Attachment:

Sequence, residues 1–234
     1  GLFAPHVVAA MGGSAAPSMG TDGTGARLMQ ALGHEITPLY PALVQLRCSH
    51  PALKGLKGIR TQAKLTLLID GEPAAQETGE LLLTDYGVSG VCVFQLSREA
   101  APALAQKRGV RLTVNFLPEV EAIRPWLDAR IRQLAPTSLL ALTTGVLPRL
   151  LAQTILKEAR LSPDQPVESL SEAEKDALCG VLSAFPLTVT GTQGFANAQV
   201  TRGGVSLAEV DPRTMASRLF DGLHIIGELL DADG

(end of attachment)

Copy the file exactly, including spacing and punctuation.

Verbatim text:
Sequence, residues 1–234
     1  GLFAPHVVAA MGGSAAPSMG TDGTGARLMQ ALGHEITPLY PALVQLRCSH
    51  PALKGLKGIR TQAKLTLLID GEPAAQETGE LLLTDYGVSG VCVFQLSREA
   101  APALAQKRGV RLTVNFLPEV EAIRPWLDAR IRQLAPTSLL ALTTGVLPRL
   151  LAQTILKEAR LSPDQPVESL SEAEKDALCG VLSAFPLTVT GTQGFANAQV
   201  TRGGVSLAEV DPRTMASRLF DGLHIIGELL DADG